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Formula 1 Qatar GP

McLaren: Qatar F1 stint lengths flattered us compared to Red Bull

McLaren thinks the mandated 18-lap stints in Formula 1's Qatar Grand Prix flattered its performance as Oscar Piastri and Lando Norris stuck close to Red Bull's winner Max Verstappen.

Oscar Piastri, McLaren, 2nd position, Max Verstappen, Red Bull Racing, 1st position, Lando Norris, McLaren, 3rd position, on the podium

Piastri took his second grand prix podium in F1 by finishing 4.5s behind the Dutchman at Losail, with Norris crossing the line in third just one second behind his team-mate.

Due to concerns over potential tyre failures, stint lengths were reduced to a maximum of 18 laps on a single set of tyres, effectively mandating three-stops in the 57-lap race.

PLUS: How the F1 Qatar GP tyre farce flattered McLaren and hurt Verstappen

McLaren was tipped to excel on the high downforce track and its one-lap pace indeed appeared genuine, as evidenced by Piastri winning Saturday's 19-lap sprint from pole.

But according to team boss Andrea Stella, the McLarens managed to stick closer to Verstappen over a full grand prix distance because Red Bull wasn't fully able to flex its muscle.

"I think first of all the leader's strategy is a little sub-optimal from a race time point of view, because it is the safest strategy when you add in the margin," Stella said.

"It protects you from a late safety car, so there is a flattering element in the fact that they were on a strategy that loses time.

"Secondly, I am not sure how much they were pushing. I was certainly perceiving that maybe Max didn’t have so much in hand like he had other times."

Oscar Piastri, McLaren MCL60, leaves his pit box after a stop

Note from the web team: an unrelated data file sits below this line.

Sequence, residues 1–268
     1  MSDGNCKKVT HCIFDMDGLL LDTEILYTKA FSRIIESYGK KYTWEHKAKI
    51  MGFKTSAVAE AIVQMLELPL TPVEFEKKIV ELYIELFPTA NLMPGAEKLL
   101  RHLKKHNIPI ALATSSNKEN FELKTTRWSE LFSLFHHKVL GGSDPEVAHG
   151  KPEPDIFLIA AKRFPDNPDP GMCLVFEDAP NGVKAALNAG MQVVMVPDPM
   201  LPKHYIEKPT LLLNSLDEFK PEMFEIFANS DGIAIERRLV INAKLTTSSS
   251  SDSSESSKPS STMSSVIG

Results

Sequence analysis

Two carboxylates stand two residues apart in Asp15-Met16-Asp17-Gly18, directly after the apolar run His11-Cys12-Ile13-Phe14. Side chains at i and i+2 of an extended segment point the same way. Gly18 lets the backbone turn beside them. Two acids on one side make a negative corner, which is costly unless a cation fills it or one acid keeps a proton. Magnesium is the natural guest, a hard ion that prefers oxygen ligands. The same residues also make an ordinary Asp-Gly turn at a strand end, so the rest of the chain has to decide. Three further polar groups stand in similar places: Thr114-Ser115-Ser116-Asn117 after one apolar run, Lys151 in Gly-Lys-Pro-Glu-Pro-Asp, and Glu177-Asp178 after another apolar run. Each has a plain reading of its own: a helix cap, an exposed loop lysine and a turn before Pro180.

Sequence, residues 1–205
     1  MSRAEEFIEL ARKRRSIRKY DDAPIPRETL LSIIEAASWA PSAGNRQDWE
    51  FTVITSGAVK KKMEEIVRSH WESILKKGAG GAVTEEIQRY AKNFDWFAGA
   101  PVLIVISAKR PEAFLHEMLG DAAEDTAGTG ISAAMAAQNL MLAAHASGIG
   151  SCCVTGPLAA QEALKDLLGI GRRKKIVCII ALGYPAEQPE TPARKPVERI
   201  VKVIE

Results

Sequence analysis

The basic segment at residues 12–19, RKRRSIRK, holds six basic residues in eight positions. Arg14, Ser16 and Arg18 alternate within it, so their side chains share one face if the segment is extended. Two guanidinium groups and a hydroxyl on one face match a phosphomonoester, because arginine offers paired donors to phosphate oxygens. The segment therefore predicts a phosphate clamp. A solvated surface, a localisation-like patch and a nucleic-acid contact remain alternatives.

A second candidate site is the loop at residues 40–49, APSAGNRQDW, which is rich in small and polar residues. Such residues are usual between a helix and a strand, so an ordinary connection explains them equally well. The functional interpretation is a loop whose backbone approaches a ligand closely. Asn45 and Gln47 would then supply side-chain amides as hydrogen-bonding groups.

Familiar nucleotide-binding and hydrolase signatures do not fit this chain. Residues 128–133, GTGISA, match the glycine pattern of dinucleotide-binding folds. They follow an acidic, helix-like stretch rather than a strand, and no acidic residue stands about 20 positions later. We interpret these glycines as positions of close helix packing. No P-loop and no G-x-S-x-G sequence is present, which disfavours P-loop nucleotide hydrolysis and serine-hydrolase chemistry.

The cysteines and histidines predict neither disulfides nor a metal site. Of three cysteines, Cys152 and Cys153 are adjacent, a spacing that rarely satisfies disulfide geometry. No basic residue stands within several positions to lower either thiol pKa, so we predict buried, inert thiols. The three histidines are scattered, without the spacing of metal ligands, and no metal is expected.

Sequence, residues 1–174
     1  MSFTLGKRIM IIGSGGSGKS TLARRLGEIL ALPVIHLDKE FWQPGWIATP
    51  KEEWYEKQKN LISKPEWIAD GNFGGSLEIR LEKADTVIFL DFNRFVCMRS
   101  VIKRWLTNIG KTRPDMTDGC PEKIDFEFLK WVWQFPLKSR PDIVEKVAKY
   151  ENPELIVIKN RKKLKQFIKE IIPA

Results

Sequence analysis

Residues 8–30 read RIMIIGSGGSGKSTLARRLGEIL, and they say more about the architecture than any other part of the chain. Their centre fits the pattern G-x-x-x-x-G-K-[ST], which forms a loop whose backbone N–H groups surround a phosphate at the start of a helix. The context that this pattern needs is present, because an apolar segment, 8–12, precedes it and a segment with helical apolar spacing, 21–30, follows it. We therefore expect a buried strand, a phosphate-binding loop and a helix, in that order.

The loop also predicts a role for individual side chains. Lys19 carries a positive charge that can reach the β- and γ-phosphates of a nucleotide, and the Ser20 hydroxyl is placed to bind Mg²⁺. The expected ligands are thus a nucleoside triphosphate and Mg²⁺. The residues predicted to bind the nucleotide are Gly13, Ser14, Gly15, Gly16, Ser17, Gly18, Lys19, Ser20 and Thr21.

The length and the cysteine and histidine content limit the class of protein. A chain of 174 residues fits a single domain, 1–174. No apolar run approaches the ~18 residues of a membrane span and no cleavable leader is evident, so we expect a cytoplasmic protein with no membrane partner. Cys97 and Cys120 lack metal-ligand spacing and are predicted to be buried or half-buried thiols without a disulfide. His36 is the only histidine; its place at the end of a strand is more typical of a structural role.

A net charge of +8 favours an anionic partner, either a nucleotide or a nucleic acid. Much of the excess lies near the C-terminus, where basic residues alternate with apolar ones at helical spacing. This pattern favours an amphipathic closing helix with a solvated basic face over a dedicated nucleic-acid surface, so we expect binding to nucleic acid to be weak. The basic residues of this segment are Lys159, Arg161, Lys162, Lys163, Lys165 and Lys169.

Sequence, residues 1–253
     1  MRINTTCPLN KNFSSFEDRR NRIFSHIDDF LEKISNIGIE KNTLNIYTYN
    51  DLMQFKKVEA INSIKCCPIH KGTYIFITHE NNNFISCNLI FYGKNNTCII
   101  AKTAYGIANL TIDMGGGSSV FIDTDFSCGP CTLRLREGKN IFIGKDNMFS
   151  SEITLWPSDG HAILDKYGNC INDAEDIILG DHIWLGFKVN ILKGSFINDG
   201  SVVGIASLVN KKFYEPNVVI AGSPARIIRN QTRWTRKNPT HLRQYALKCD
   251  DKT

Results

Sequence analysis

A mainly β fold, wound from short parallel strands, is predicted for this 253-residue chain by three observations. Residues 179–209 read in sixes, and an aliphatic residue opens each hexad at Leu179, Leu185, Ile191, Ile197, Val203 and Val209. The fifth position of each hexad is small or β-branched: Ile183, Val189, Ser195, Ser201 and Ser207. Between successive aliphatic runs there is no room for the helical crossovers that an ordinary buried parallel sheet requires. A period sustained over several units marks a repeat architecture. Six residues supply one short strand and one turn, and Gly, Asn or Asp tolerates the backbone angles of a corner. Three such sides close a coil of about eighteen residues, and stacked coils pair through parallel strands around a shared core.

Oscar Piastri, McLaren MCL60, leaves his pit box after a stop

Photo by: Andy Hone / Motorsport Images

While the curtailed stints may have also prevented Red Bull from exploiting its superior tyre management, Stella felt that McLaren also enjoyed improved tyre degradation, even if the underlying reasons are not fully clear yet.

"This was a decently flat-out race, because the duration of the stint first of all was prescribed in its maximum duration. Then, the medium and the hard tyres were actually behaving in a sensible way, so they were allowing the drivers to push.

"I was expecting at some stage of Friday, after we saw how the tyres were behaving, that this would have been a race of controlling the tyres. Instead, for us at least it was a race of pushing and this is encouraging.

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"We will see the next races whether this is because we have improved the car, and it allows us to be more gentle on the tyres and therefore have better degradation or whether it's simply the circumstances associated with this event."

Stella cautioned that McLaren's form itself may also have been an outlier, while noting that Mercedes to be appeared on par.

George Russell finished fourth despite a clash with team-mate Lewis Hamilton at the start which dropped him to the back, and the Briton felt he was "on pace, if not faster, than McLaren".

"Mercedes were not far at all," Stella acknowledged. "George was very strong in terms of race pace and it is a pity for them that they lost all the time at the start, and they had that unfortunate situation. Otherwise, they would’ve been there with us, I think.

"This track is a very suitable track for our car, so I wouldn’t expect for the coming races that this is necessarily the pecking order."

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